In the recent past, there have been several pandemics. Within the context of globalisation, some of these pandemics have truly raised the global risk to humankind. The COVID‐19 pandemic is the latest of these and is, so far, completely unresolved. In the meantime, as we await the development of an effective vaccine, researchers worldwide must focus all their efforts on selecting possible effective treatments, bearing in mind that the plant kingdom supplies chemical skeletons that, since ancient times, have provided humans with “drugs.” As a recent example, we remember the anti‐malarial drug artemisinin obtained from Artemisia annua, the studies on which resulted in 2015 in a Nobel Prize being awarded to the researcher Tu Youyou (Mikić, 2015).

Although a repeat of the artemisinin success story may be unlikely, the volume of data that recommends quercetin as a potential molecule candidate for an anti‐COVID‐19 role strongly supports the execution of a case–control clinical study with the aim of realising its possible efficacy within the context of this disease. On the basis of its poor pharmacokinetics profile, any galenic formulation aimed to improve its rate of absorption should be considered important. At our knowledge, the Phytosome form of quercetin could be a possible candidate.


The authors have no relevant affiliations or financial involvement with any organisation or entity with a financial interest in or financial conflict with the subject matter or materials discussed in the manuscript. This includes employment, consultancies, honoraria, stock ownership or options, expert testimony, grants or patents received or pending, or royalties. No writing assistance was utilised in the production of this manuscript.


All authors equally contributed in writing the manuscript.

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Unified approach to COVID-19


Op-Ed: Great Barrington vs John Snow Is a False Choice

We need fewer pompously named petitions and instead, a COVID policy response that engages with people who hold views and perspectives different than our own; which acknowledges the lives lost from the virus and lost through the response; which is nimble and responsive to new data, new facts, and new perspectives; which engages values and preferences and local norms and the messy reality of the world as it is, not as we wish it were.

by Vinay Prasad, MD, MPH October 16, 2020

— Should whomever gets the most signatures decide our fate?

Dueling petitions about what to do about COVID19 — the Great Barrington Declaration and the John Snow Memorandum — are circulating online amongst physicians, public policy makers, and academics. I am not against policy statements, consensus building, or even petitions, but both of these documents trouble me. They are the dropping anchors when we should be open to sailing where the wind blows.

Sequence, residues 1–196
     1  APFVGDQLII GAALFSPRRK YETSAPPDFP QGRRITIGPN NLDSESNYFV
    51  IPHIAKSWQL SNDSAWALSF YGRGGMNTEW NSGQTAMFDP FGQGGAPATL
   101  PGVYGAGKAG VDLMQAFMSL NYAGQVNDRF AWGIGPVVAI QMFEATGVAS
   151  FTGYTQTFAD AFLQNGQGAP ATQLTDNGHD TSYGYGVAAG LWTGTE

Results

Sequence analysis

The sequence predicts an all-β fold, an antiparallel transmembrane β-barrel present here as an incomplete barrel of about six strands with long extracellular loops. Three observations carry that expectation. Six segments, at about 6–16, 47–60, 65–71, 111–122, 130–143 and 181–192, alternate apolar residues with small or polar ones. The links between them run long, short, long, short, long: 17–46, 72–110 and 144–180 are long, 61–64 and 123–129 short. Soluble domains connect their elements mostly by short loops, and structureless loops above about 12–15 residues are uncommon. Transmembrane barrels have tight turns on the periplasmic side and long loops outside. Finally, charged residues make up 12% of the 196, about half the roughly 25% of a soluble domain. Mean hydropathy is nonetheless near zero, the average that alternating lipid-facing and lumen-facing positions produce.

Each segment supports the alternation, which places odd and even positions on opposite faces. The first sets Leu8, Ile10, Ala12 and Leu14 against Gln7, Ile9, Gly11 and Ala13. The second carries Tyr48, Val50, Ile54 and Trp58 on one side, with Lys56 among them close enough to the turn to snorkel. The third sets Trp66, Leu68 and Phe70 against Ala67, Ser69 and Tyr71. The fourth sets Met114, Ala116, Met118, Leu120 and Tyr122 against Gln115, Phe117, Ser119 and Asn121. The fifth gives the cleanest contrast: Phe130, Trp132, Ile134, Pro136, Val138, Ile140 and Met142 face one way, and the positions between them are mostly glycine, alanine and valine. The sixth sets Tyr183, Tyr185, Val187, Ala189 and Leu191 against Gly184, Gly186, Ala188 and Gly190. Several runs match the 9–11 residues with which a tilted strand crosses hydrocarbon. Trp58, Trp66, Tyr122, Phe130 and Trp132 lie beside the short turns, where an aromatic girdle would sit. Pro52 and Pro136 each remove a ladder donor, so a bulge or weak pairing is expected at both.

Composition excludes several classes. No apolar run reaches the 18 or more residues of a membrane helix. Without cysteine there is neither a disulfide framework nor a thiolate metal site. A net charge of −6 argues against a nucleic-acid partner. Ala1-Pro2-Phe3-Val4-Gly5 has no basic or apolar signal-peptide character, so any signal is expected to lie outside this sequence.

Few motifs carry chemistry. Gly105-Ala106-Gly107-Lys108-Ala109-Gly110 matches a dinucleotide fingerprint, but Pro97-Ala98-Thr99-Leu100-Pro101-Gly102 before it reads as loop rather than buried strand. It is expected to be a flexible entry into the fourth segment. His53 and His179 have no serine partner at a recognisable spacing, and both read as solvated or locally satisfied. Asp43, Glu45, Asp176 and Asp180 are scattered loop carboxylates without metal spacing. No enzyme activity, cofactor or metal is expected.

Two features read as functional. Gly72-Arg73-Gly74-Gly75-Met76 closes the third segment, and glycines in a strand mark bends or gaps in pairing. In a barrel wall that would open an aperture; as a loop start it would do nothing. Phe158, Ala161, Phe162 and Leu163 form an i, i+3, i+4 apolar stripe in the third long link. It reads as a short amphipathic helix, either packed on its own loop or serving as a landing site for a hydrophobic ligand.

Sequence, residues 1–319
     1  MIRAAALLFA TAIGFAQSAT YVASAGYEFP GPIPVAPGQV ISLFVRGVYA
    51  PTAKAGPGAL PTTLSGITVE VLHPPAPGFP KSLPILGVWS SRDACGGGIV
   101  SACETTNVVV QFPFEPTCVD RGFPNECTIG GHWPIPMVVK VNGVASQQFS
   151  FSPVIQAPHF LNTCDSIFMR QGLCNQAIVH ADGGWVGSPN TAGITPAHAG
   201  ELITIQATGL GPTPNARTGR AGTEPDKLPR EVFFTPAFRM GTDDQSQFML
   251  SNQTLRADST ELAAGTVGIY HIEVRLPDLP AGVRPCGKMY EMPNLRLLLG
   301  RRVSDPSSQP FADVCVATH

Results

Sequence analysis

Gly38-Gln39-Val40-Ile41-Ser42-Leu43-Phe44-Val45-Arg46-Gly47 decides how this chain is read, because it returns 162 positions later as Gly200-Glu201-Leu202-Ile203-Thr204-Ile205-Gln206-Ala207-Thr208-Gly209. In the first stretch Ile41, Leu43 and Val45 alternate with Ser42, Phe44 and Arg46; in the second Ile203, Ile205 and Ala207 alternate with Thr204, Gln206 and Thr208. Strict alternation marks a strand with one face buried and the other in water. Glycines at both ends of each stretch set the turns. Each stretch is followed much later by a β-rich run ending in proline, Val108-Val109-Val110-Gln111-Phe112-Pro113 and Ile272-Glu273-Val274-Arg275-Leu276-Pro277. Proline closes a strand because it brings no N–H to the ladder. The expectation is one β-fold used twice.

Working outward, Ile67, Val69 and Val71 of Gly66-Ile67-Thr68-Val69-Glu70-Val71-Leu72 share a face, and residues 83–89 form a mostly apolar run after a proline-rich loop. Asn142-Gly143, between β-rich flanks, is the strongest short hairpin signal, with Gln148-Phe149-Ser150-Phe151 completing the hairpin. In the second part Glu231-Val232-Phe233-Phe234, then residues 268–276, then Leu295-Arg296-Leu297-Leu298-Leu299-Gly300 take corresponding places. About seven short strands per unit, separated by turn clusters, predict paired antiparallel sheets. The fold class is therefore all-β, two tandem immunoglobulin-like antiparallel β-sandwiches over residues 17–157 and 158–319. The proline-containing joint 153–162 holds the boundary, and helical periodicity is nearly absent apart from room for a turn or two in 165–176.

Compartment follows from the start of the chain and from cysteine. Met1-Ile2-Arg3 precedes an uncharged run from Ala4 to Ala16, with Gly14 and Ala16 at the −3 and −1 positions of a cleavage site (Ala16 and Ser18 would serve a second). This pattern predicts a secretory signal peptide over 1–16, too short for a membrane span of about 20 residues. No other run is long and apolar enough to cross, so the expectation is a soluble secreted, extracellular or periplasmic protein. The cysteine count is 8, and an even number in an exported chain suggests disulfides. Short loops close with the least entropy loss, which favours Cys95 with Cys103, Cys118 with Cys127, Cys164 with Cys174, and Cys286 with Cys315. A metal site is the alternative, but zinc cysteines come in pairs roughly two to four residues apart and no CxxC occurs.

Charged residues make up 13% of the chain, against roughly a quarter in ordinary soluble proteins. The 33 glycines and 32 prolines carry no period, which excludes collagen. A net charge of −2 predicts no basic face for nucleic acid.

Let’s start with the obvious. SARS-CoV-2 kills people. When infected, older people and those with serious comorbidities are more likely to die than younger people. This age-gradient (extra risk of death among older people) is steep. At the same time, dramatic interventions to halt SARS-CoV-2 — such as closing schools, business, travel, economic activity, normal hospital functions — also kills people. Some of these deaths occur immediately — a person with a heart attack is dissuaded from seeking care, an uncontrolled tuberculosis epidemic in a low income nation, or even depression and suicide — and some of the downsides take a long time to kill: loss of upward mobility and economic potential for the next generation will shorten lives.

Downsides to lockdowns can also be hard to predict. Harms may include destabilizing democratic governments, civil unrest, and political turmoil. The goal of policy in each and every place on earth is to minimize the total harm to the people who live there. It may vary by place and even moment based on viral spread, age of population, safety nets (or lack there-of), and a number of other factors, including values and preferences.

First, consider the Great Barrington Declaration. It’s just 540 words long, and outlines a strategy of focused protection. Based on the idea that the risk of death varies dramatically with age, it proposes we shield and protect the vulnerable while allowing the young, and others at lower risk, to get on with life as normally as possible. It offers some ideas about how to guard nursing homes, which have experienced massive causalities, and endorses simple measures like handwashing. It nods to the idea that the herd immunity threshold (fraction of people in a population who have become immune before viral spread abates) is not a fixed value: it depends on the way in which populations mix and interact and on simple measures we choose to take, such as improved hygiene. It recommends that schools, universities, bars, and restaurants be allowed to open fully.

Limitations to the statement are its lack of guidance as to who exactly the vulnerable are, how they should shield themselves, and the fact that it lumps together very different things — such as bars and schools. Open bars can be replaced with drinking beers in the backyard with a friend seated at a distance with little loss of pleasure, but education, particularly for the poor, is one of the few ladders left in American society for a better life, a place to feed children, and a vehicle for detecting abuse. Another limitation is its lack of acknowledgement that in moments of explosive spread, temporary measures likely need to be taken to prevent, for example, hospitals from overflowing. Surely, policy responses must depend on the specifics of the time and place.